Portugal remains at rank 20 in status performance.
Traditions of democracy are well established, but political actors need to take seriously the erosion of trust in the political system. As was the case in many other OECD countries, the crisis had a severe impact on economic performance.
Socioeconomic inequality remains one of the most pressing problems. Health care and integration policy stand out as successful items in Social Affairs.
External and internal security threats are comparatively inconsequential.
Resources are not always managed with sustainability in mind. While environmental policies have improved, structural deficiencies hinder further developments in R&D and the education system.
Portugal, a fully consolidated democracy since the mid-1980s, ranks 17th in the quality of democracy.
Portugal’s democratic institutions are generally well-developed, but lack public trust in some areas.
Elections are free and fair, and political rights are protected both on paper and in practice. There is media pluralism and freedom, and the judicial system is independent.
The judiciary is independent but lacks public trust. This is attributed to the corrosive effect of a sluggish system in which decisions can take years to reach.
With a slight drop to rank 25, Portugal’s rating on economic policy reflects substantial structural weaknesses.
After a period of strength from 1985 to the late 1990s, Portugal’s sluggish economy slipped into a “lost decade” of slow growth. The country is ranked by foreign investors as one of the least competitive countries in Europe. Policy-makers have found it difficult to meet euro zone budgetary consolidation obligations.
The government has attempted to stimulate employment by reducing or eliminating employers’ Social Security contributions. However, policies lag well behind labor market needs, and have had little impact in slowing down a galloping unemployment trend.
With a ranking of 24 on issues of social policy, Portugal faces serious societal challenges.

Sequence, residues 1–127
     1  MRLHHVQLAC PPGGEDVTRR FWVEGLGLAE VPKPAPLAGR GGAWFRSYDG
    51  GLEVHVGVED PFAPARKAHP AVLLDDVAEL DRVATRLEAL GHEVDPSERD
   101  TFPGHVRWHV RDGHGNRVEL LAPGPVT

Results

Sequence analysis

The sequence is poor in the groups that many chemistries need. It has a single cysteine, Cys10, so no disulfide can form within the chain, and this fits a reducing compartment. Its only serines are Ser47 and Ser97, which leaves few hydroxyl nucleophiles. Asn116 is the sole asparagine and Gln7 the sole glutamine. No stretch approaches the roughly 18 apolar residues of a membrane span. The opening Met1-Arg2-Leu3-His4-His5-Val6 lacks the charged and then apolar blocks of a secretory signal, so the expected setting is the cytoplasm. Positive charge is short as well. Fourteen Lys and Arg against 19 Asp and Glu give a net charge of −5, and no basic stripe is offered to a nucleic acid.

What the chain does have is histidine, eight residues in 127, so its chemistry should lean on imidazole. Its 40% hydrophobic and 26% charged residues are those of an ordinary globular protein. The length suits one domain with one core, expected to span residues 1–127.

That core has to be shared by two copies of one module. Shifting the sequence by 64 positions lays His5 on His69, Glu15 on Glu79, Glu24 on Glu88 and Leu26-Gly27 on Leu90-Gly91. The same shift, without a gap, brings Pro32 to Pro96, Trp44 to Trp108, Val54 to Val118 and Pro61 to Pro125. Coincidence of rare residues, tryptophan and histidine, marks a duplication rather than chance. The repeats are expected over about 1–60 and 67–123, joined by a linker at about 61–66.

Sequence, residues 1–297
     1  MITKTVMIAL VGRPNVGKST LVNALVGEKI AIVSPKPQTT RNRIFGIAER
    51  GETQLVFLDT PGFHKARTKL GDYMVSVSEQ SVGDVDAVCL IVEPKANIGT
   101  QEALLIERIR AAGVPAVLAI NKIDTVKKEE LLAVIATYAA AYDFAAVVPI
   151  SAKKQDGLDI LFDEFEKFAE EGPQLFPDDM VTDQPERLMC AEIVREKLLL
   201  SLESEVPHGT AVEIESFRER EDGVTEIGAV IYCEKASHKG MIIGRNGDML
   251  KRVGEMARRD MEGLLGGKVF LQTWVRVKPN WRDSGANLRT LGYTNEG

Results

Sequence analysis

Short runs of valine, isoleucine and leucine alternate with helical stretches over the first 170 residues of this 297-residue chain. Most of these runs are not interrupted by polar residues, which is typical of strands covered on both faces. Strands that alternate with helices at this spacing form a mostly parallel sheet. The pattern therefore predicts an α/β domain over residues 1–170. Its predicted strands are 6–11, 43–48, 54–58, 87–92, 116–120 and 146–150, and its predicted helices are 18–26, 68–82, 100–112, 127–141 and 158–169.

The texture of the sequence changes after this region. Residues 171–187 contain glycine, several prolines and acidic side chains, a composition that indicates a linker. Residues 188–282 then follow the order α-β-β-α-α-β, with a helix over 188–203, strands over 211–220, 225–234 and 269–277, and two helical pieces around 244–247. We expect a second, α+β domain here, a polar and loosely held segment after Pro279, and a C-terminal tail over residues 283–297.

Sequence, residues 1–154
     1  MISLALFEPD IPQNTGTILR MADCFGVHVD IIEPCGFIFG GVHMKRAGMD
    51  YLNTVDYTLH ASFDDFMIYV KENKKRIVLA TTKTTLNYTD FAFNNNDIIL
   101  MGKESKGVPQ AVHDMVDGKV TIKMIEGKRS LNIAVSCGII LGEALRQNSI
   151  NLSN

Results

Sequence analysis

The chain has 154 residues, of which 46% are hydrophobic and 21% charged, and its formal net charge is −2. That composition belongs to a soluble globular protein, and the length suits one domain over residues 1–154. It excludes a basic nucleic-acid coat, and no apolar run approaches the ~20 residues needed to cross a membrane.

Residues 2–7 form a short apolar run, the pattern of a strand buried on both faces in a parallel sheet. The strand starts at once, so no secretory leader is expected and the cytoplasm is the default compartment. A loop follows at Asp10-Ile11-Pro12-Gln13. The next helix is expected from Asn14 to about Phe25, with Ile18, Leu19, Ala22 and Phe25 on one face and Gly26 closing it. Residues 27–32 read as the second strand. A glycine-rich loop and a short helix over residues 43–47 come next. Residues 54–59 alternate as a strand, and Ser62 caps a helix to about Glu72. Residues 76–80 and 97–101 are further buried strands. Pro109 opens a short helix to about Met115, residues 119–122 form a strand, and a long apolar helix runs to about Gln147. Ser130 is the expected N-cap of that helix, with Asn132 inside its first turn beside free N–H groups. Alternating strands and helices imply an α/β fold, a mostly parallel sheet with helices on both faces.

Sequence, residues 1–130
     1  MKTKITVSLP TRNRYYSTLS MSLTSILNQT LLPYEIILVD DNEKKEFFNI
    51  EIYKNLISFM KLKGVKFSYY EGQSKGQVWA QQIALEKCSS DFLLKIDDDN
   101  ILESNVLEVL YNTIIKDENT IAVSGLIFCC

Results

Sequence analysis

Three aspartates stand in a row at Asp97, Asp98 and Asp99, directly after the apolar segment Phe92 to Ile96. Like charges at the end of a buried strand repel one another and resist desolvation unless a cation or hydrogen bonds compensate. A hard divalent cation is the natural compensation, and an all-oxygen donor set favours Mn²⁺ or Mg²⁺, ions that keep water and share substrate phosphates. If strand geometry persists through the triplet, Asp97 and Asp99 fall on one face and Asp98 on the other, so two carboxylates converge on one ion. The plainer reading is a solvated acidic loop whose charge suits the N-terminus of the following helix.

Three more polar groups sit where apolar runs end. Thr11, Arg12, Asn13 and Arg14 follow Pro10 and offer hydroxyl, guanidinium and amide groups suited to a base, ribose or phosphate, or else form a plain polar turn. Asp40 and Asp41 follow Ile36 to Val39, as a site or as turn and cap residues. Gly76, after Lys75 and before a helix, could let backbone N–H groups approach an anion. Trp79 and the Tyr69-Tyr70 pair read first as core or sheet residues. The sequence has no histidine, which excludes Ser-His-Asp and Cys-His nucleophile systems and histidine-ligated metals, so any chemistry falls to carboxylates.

Portugal is the EU’s most unequal society, while within the OECD, only Turkey, Mexico and Chile present a higher Gini coefficient. Levels of poverty are very high and likely to worsen as long as unemployment rates continue to grow.
The population displays comparatively good levels of overall health. Although the national health care system faces challenges similar to those elsewhere in Europe, it is a relative success story. Migrants have access to health care regardless of their legal status.
Economic barriers and labor-market realities prevent many women from combining parenting successfully with employment. The country’s pension policy does not prevent poverty, and is not sustainable in its current form.
Defense policy, in particualr anti-terrorism strategies and those targeting organized crime, are embedded in wider EU goals and Portugal’s active NATO involvement. At the same time, the country cultivates close bilateral relations with the USA.
Crime rates have escalated in accord with growing drug use and unemployment. Attempts to target the growing number of members of international groups involved in illegal immigration, human trafficking and robbery have landed many individuals in prison. Although ETA does not carry out attacks in Portugal, it does have a presence there.
At rank 23, Portugal’s rating on the issue of sustainable resource use has remained stable, despite across-the-board gains in individual indicators relative to the SGI 2009.
Considerable improvements were made in environmental policy. The drop in CO2 emissions is in part a reflection of the economic crisis, but also mirrors policy choices such as Prime Minister Sócrates’ decision to make renewable energies a key priority.
Sustained investment in R&D since the 1990s has consistently improved the country’s position in Europe. However, structural deficiencies remain, notably associated with a relatively weak level of private R&D expenditure and low levels of educational attainment.
Access to educational resources remains low and unequal. The government has sought since 2005 to combat this by increasing support for lifelong learning, vocational training and other adult education opportunities.